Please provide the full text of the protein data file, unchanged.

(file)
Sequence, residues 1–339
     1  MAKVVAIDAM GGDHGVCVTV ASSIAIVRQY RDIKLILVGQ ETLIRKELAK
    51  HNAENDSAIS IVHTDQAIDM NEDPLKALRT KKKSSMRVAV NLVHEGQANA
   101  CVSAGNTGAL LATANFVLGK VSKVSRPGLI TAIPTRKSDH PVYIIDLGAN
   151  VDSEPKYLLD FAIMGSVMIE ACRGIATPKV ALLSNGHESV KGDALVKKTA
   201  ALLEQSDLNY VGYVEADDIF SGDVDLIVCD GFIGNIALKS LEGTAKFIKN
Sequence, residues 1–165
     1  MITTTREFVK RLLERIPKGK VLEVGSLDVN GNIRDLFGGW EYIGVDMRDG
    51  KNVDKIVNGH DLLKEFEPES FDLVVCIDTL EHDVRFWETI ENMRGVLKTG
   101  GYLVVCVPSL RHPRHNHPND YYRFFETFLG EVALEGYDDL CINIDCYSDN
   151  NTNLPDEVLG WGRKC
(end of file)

Sequence, residues 1–339
     1  MAKVVAIDAM GGDHGVCVTV ASSIAIVRQY RDIKLILVGQ ETLIRKELAK
    51  HNAENDSAIS IVHTDQAIDM NEDPLKALRT KKKSSMRVAV NLVHEGQANA
   101  CVSAGNTGAL LATANFVLGK VSKVSRPGLI TAIPTRKSDH PVYIIDLGAN
   151  VDSEPKYLLD FAIMGSVMIE ACRGIATPKV ALLSNGHESV KGDALVKKTA
   201  ALLEQSDLNY VGYVEADDIF SGDVDLIVCD GFIGNIALKS LEGTAKFIKN
Sequence, residues 1–165
     1  MITTTREFVK RLLERIPKGK VLEVGSLDVN GNIRDLFGGW EYIGVDMRDG
    51  KNVDKIVNGH DLLKEFEPES FDLVVCIDTL EHDVRFWETI ENMRGVLKTG
   101  GYLVVCVPSL RHPRHNHPND YYRFFETFLG EVALEGYDDL CINIDCYSDN
   151  NTNLPDEVLG WGRKC